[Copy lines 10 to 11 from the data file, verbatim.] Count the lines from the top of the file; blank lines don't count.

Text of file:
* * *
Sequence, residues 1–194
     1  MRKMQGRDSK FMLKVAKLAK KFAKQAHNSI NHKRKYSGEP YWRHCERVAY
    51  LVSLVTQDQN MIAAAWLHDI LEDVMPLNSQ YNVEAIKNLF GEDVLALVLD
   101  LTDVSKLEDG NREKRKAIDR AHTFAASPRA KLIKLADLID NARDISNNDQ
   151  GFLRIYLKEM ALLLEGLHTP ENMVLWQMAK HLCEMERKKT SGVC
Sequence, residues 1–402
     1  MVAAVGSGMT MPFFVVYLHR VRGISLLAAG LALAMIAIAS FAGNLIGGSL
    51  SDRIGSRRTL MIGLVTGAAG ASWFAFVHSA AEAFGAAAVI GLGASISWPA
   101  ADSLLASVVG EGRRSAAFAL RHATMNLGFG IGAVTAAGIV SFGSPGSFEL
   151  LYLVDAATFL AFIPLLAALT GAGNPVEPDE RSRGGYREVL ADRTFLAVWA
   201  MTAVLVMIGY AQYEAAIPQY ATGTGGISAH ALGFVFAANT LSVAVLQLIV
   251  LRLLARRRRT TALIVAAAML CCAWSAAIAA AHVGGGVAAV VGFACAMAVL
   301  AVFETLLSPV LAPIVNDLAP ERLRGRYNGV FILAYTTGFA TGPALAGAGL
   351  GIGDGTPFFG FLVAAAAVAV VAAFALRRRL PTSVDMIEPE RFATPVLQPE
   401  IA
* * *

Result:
   151  LYLVDAATFL AFIPLLAALT GAGNPVEPDE RSRGGYREVL ADRTFLAVWA
   201  MTAVLVMIGY AQYEAAIPQY ATGTGGISAH ALGFVFAANT LSVAVLQLIV